Sheltered seating and two free electric barbecues are also provided at Chinese Gardens, but the tight entry road precludes vans longer than around 4.9m (16ft) unless special care is taken, and the sites need to be pre-booked during peak periods such as long weekends and school holidays.
Alternatively, if you have a small offroad caravan or camper, nearby Coopers Creek, Aberfeldy River or Bruntons Bridge are more remote camping areas, but from the reports we heard of wild trail bikers’ gatherings at Coopers, I would be a little reluctant to recommend them.
If you can’t get into any of these, not all is lost, as both Rawson and Erica townships have caravan and cabin accommodation, with the pet-friendly Erica Caravan Park with its 26 powered and 80 unpowered sites and all other usual caravan park facilities being the pick here.
While both towns are attractive with good pubs and other eateries, Walhalla is the star attraction of this area and the day or overnight visitor will find plenty to do.
Just wandering up Walhalla’s main street is a good start, taking in the old fire station that still spans Stringers Creek where miners once panned for gold. You’ll need to be a good walker or allow enough time, as several of the town’s main attractions involve stiff uphill walks – to the fascinating and picturesque Walhalla Cemetery at the southern end and the famous elevated Walhalla Cricket Ground at the other.
On the way, you’ll pass many of the town’s old buildings such as the post office, general store and church. I’d recommend a stop at Dion Schembri’s Simply Walhalla lolly shop for a humbug on the way, or the Walhalla Coffee Shop for great coffee and nourishing, warm soup!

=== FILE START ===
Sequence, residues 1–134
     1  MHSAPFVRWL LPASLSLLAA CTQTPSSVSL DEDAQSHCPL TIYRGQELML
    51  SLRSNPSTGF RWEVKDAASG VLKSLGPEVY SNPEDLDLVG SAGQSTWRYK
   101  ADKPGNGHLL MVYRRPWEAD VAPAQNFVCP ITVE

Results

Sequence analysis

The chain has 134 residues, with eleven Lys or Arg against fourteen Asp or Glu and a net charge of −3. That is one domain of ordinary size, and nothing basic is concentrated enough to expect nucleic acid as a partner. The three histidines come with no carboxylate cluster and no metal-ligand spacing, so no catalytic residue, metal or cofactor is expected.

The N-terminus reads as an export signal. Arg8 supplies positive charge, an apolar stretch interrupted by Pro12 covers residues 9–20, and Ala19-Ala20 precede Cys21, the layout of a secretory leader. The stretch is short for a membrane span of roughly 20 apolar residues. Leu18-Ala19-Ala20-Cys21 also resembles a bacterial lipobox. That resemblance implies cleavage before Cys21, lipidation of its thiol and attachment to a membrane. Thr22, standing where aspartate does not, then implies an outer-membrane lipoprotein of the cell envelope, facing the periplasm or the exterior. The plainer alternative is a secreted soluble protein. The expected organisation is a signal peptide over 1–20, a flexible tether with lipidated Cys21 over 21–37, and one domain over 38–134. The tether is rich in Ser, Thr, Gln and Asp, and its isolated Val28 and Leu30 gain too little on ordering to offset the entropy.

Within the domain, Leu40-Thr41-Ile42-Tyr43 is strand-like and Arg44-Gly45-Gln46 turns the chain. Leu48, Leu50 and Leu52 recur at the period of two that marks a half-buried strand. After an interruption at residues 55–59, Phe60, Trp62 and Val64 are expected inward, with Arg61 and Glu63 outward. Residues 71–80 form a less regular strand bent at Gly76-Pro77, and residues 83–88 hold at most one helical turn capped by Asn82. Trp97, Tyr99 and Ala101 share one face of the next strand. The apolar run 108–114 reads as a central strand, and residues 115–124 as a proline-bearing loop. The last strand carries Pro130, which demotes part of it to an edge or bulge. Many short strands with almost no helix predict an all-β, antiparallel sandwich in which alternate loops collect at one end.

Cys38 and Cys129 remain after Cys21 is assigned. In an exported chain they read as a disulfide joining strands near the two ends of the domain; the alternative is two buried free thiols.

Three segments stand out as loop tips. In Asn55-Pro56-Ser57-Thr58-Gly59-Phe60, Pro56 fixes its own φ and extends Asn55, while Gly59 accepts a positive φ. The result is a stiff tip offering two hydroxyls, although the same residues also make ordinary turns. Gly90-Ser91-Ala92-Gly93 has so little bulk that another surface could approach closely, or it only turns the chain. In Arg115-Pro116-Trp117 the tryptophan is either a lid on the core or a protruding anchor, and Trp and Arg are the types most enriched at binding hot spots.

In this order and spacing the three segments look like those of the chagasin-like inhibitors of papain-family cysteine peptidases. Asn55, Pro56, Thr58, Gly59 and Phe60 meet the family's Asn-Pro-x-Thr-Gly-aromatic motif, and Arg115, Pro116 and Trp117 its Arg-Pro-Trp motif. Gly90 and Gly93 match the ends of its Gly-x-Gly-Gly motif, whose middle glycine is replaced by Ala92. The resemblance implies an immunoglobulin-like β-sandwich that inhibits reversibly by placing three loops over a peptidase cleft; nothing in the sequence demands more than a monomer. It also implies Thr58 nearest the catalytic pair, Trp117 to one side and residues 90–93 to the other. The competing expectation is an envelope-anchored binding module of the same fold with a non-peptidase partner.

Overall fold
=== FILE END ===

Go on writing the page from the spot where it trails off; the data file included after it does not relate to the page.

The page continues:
The easiest way to do all this is to slip on your hiking shoes and take the free Walhalla Heritage Walk, following the trail of more than 30 heritage information signs from one end of town to the other.
You should also allow time to take a ride on the Goldfields Railway – when it’s running – for a spectacular journey down Stringers Creek Gorge. Trains operate Wednesday, Saturday, Sunday and public holidays, and more frequently during the summer and Easter holiday periods.
Local mine tours can also be taken, giving you a glimpse of the halcyon days of this fascinating Gippsland alpine town.
If you have a 4WD, leave your caravan or camper trailer in Walhalla and explore the local area in your tow tug. Heading north of town on unsealed and progressively rougher roads will take you into various catchment areas of the Thomson River, remote townships and local pubs. The free Aberfeldy Track – Back Road Tours Guide map, available in Walhalla, will tell you all you need to know, with the tracks rated according to their severity.
But if you are less confident of your, or your 4WD’s ability, then Mountain-Top Experience run by knowledgeable locals Ron and Andrea Camier is a great way to get you to remote and scenic places in safe hands.
How to get to Walhalla
Walhalla is 185km east of Melbourne and 48km north-east of Moe by sealed roads.
Where to stay in Walhalla
For accommodation options in and around Walhalla, click here.